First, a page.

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Petróleos Mexicanos TypePublic ownershipFounded 1938Headquarters Mexico City, MexicoKey people Jesús Reyes Heroles (CEO)
Georgina Kessel(Chairwoman) IndustryOil and Gas RefiningProductsPetrochemicalproducts Revenue$198 billion USD(2006) Employees138,215 Website
A Pemex gas station in Puerto Vallarta Pemex tower in Mexico City

Petróleos Mexicanos (PEMEX) is Mexico's state-owned petroleum company. It is the 10th largest oil company in the world in terms of Revenue and 34th place out of the Fortune 500 companies.

Asphalt and pitch had been worked in Mexico since the time of the Aztecs. Small quantities of oil were first refined into kerosene around 1876 near Tampico. By 1917 commercial quantities of oil were being extracted and refined by subsidiaries of the British Pearson and American Doheny companies, and had attracted the attention of the Mexican government who then claimed all mineral rights for the state as part of its Constitution.


Expropiación Petrolera

Main article: Expropiación petrolera

In 1938, President Lázaro Cárdenas sided with oil workers striking against foreign-owned oil companies for an increase in pay and social services. On March 18, citing the 27th article of the 1917 constitution, President Lázaro Cárdenas embarked on the state-expropriation of all resources and facilities, nationalizing the U.S. and Anglo-Dutch operating companies, creating PEMEX. In retaliation, many foreign governments closed their markets to Mexican oil. In spite of the boycott, PEMEX developed into one of the largest oil companies in the world and helped Mexico become the fifth largest oil exporter in the world.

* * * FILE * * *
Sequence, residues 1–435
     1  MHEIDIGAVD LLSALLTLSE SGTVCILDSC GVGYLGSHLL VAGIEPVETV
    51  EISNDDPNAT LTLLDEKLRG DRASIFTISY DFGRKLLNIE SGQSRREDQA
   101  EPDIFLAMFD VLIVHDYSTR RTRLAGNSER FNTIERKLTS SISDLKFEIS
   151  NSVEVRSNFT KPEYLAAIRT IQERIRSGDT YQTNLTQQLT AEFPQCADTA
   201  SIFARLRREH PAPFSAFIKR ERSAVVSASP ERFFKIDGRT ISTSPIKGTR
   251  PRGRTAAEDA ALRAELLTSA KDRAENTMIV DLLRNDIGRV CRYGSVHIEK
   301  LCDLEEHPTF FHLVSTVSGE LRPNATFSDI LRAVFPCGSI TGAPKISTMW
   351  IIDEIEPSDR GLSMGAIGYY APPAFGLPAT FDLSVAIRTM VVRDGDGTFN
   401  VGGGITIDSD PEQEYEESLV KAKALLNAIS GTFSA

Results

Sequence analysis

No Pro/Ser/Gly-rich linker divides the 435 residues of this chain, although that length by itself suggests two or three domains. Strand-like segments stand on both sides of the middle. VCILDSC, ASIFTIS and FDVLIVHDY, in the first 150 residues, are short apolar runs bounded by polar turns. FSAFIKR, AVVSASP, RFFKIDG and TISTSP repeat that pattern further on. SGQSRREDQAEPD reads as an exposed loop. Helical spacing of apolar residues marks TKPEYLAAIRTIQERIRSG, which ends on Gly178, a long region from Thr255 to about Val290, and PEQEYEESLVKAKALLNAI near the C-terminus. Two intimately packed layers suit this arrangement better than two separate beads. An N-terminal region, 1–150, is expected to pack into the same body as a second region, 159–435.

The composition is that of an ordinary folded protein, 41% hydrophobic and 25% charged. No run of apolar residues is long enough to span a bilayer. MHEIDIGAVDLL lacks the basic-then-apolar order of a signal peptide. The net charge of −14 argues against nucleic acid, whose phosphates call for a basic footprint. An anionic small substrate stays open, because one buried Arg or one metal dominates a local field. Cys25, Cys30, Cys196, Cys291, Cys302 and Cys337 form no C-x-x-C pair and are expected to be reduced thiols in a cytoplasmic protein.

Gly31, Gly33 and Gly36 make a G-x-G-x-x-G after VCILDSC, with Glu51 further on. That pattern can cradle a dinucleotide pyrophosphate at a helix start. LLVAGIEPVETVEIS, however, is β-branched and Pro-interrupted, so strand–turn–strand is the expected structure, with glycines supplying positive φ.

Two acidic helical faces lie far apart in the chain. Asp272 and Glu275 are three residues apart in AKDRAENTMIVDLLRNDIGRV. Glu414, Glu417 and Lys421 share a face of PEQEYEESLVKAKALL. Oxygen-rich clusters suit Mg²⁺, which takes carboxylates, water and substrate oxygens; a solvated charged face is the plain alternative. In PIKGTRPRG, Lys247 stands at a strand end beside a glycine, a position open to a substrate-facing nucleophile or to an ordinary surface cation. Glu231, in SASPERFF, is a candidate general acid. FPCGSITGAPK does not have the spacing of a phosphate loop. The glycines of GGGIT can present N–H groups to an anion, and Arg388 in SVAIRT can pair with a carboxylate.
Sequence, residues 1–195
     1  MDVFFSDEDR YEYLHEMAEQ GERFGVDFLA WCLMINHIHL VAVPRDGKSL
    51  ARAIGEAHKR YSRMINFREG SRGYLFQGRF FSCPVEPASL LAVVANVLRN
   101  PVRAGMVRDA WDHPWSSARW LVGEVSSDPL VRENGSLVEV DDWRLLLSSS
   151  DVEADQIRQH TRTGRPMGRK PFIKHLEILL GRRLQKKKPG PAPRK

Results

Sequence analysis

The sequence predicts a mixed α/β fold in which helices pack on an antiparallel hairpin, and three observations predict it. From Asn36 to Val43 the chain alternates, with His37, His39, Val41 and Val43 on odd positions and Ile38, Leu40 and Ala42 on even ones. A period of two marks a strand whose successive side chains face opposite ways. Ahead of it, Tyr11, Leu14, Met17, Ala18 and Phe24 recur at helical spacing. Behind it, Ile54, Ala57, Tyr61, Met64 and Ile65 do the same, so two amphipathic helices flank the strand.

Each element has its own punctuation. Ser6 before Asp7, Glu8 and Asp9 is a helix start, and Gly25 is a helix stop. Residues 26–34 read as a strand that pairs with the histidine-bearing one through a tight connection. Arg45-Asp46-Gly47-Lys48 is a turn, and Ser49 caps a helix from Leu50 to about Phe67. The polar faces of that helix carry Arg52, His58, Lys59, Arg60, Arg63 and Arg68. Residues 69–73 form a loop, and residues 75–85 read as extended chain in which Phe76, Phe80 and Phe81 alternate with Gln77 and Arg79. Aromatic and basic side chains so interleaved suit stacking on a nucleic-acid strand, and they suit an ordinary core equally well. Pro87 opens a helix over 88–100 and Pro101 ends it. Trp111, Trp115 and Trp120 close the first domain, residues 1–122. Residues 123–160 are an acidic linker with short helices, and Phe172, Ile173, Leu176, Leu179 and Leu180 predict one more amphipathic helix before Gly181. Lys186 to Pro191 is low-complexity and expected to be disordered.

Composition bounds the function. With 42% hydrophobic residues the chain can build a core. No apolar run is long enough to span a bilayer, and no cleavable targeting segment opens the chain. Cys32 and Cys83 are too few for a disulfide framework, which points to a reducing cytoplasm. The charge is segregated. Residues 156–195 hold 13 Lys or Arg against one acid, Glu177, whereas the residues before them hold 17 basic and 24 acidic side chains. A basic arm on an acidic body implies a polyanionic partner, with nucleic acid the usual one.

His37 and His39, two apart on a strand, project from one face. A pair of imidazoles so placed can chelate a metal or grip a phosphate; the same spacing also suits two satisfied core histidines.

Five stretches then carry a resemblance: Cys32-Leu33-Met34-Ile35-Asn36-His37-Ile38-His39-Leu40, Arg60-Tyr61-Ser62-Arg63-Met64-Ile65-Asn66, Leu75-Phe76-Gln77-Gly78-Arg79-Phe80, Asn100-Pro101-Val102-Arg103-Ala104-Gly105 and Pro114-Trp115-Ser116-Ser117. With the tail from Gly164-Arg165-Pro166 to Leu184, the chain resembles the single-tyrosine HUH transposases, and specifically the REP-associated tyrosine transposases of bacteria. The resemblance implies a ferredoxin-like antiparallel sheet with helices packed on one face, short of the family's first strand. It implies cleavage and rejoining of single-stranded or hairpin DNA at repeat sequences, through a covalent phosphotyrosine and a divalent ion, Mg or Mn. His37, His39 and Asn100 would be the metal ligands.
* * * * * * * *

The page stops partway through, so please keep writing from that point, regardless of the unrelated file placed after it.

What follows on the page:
PEMEX is the sole supplier of all commercial gasoline (petrol/diesel) stations in Mexico. All petrol stations, although labeled PEMEX, are concessions that are strictly full-service. PEMEX tried to take away the concessions from a large number of these for low-quality gasoline (often cut with up to 40% fuel oil) and for not serving the correct amount of gasoline (many serve only 9 litres for every 10 registered on the pump), however a judge ruled these were "not reasons to take away the concessions".

The grades of PEMEX gasoline are 'Magna' (Regular Unleaded 87 octane - green pump handle) and 'Premium' (92 octane - red pump handle). Previously, PEMEX offered a leaded gasoline called 'Nova,' but this has been discontinued for environmental reasons (Nova gasoline, like many other leaded gasolines, have been discontinued due to stringent health regulations).

Some Pemex stations accept US Dollars and they are beginning to accept major credit cards.


Customers have complained about the fraud committed by some gas stations, which consisted in selling "liters" of less than 900ml (leading to some to refer to these "liters" as "chiquilitros"; i.e. "small liters"). Pemex claims it is not responsible for such frauds and has claimed to be taking measures to counter this problem.

Other customers of the gas stations have been victims of "baptized" gasoline; meaning that approximately 3/4 liters of gasoline are mixed with 1/4 liters of water, in order to create a full liter capable of passing the weight inspections.


On June 3, 1979, PEMEX's Ixtoc I exploratory oil well in the Gulf of Mexico, about 600 miles south of Texas, suffered a blowout and became the largest unintentional oil spill in history.

On November 19, 1984 a series of explosions at the PEMEX petroleum storage facility at San Juan Ixhuatepec in Mexico City ignited a major fire and killed about 500 people.

On April 22, 1992, explosions in Guadalajara, Jalisco killed more than 200 people.

On July 10, 2007, the Popular Revolutionary Army claimed responsibility for blasts on Pemex pipelines on July 5 and 10.[1]